7/1/04 Ralph Barrera/AMERICAN-STATESMAN; The legendary Darrell Royal, of the University of Texas fame, is turning 80 years old. We take a look at his life as he approaches this birthday milestone. He spents the better part of his days playing golf at Barton Creek Country Club. Coach Royal watches his approach shot on the par 4 sixth hole at the Crenshaw course during a recent round. (Robbins story)

BEVO BEAT Football

Daily Longhorn football history: The 1976 season

Posted July 24th, 2017

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The Texas football program dates back to 1893. Each day, we look at a little piece of Longhorn history. We’re starting by looking at each Longhorn football season. 

Darrell Royal is the greatest head football coach to ever lead the Longhorns, and first-year coach Tom Herman will have to do a lot, and stick around a long time, to ever catch him.

During his time, Royal won two undisputed national championships, shared another one and had seven 10-win seasons. Royal dominated Texas A&M, went on long winning streaks against Oklahoma and Arkansas and coached in some of the most historic games in Longhorn history.

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He coached 77 All-Southwest Conference players and 26 All-Americans.

Darrell Royal is a legend.

By 1976, Royal was the head coach and athletic director at Texas and the stressful 1976 season would be his final one as head coach.

Armed with two of the greatest running backs (one later starred at receiver) in Longhorn history, Earl Campbell and Johnny “Lam” Jones, Texas entered the 1976 season ranked No. 7 in the nation.

But Texas was looking for a quarterback to replace Marty Akins, and struggled to do so. Texas quarterbacks threw 14 interceptions on 108 attempts.

Also not helping was Campbell being limited to just seven games– he still rushed for 653 yards, a team high and three touchdowns. Johnny “Lam” Jones (because he was one of three Jones on the team, and was from Lampasas, thus “Lam Jones”) added 624 yards and five touchdowns.

Texas had two future longtime NFL defensive backs on the roster as well, Raymond Clayborn and Glenn Blackwood.

The most accomplished Longhorn kicker of all-time, Russell Erxleben, was on the roster.

Injury problems, yes. But the 1976 Longhorns didn’t have a talent issue.

Whatever the problem, Royal’s final squad was his worst. Texas began the season ranked No. 7 in the polls and finished 5-5-1 and unranked. The first non-winning season since 1956– the last season before Royal took over.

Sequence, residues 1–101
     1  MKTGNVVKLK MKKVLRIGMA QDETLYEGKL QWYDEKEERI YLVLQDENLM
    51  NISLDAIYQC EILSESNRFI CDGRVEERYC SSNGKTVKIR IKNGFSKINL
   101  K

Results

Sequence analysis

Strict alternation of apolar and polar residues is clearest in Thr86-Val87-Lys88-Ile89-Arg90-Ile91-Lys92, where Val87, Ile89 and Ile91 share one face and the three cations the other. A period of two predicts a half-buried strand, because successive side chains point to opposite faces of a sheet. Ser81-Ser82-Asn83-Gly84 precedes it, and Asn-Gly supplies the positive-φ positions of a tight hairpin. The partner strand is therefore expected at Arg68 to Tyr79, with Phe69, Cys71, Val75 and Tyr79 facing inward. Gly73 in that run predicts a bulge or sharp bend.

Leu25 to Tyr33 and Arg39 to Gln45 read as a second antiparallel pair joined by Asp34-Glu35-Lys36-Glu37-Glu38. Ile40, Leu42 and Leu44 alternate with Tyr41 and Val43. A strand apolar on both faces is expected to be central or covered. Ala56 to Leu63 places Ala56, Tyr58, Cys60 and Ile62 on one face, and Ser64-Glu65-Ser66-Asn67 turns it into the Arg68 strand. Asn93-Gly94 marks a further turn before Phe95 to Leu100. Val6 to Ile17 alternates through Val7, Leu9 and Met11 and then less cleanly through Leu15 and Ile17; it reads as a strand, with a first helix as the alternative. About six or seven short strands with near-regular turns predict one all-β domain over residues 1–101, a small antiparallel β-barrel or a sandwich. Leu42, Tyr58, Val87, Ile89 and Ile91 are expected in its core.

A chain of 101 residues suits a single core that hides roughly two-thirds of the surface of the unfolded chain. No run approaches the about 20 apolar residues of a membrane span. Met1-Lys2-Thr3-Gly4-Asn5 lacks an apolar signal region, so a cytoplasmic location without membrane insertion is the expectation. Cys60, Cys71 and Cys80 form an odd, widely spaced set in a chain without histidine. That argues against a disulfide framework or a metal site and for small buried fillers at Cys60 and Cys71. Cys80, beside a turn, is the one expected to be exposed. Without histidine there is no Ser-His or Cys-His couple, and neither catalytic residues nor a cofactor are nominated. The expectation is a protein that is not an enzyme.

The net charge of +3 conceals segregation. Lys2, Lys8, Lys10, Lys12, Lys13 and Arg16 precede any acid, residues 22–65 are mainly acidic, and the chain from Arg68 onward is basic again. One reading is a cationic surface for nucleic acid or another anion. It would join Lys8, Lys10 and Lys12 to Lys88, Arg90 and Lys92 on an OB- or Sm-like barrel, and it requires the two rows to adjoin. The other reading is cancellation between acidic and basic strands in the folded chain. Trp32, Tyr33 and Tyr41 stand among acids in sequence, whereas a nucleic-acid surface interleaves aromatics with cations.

There’s little doubt that if Royal, just 52 at the time, wanted to keep coaching beyond the 1976 season, he could have. But Royal left after the 5-5-1 season on his own terms.

In his final season, Royal snapped a five-game losing streak to Oklahoma with a 6-6 tie. A 1982 Texas Monthly article had this little tidbit from that game:

(Barry) Switzer was the only opponent who ever baited (Royal) successfully. In more ways than one, OU had his number. The week before the 1976 Oklahoma game, Royal claimed that his staff had apprehended an OU spy in Memorial Stadium during a closed Longhorn workout. In the ensuing black comedy, Royal challenged Switzer, an OU assistant, and the alleged spy to take polygraph tests, offered them each $10,000 in cash if they could pass, and let slip to an AP reported his assessment of the Norman crowd as a lot of “sorry bastards.” Switzer just baited him more. “This is Secret Agent Aught-aught-six,” he told Blackie Sherrod of the Dallas Times Herald. “Six, because we’re fixing to strap it on them for the sixth straight year.” But Switzer didn’t appreciate the name-calling. “Listen, I don’t care what Darrell Royal thinks of me,” he told Sherrod. “Let him think Oklahoma all the time. Let him look for ghosts.” OU fans outside Royal’s Dallas motel room kept him awake with a chant of “Sorry bastard, sorry bastard.” They booed their onetime All-American quarterback and taunted him with the same chant in the Cotton Bowl the next day. Thanks to a brilliant game plan drawn up by defensive coordinator Mike Campbell, Royal’s team played the more talented Sooners off their feet. They had a shutout in their grasp, but then a Texas back fumbled; Oklahoma capitalized, then botched the extra point. Nobody went home happy with the 6-6 tie. Least of all Royal, whom a photographer caught stooped over with the dry heaves.

 

Later in the season, following a 31-28 loss to Texas Tech– a game in which Earl Campbell suffered another leg injury– Royal informed UT Chancellor Charles LeMaistre that he wouldn’t be returning for the 1977 season.

After losing to Texas A&M 27-3, Royal announced before the Arkansas game he would be retiring after the season. It was fitting his last game would be against Arkansas. Razorback coach Frank Broyles had already announced his retirement, and Royal’s biggest win, and probably greatest coaching job came against Arkansas in 1969 during the “Game of the Century.”

In a game where five minutes were lost do to a clock malfunction, Texas beat Arkansas 29-12 in Austin for his last game ever.

Texas would be returning the makings for one of the program’s greatest teams, the 1978 squad. A fact that defensive coordinator Mike Campbell noted when trying to dissuade Royal from retiring. But it didn’t work. Royal stepped down and became the athletic director, but his first big hire wouldn’t really be made by him.

In 1996, Texas renamed the stadium to Darrell K Royal-Texas Memorial Stadium.

 

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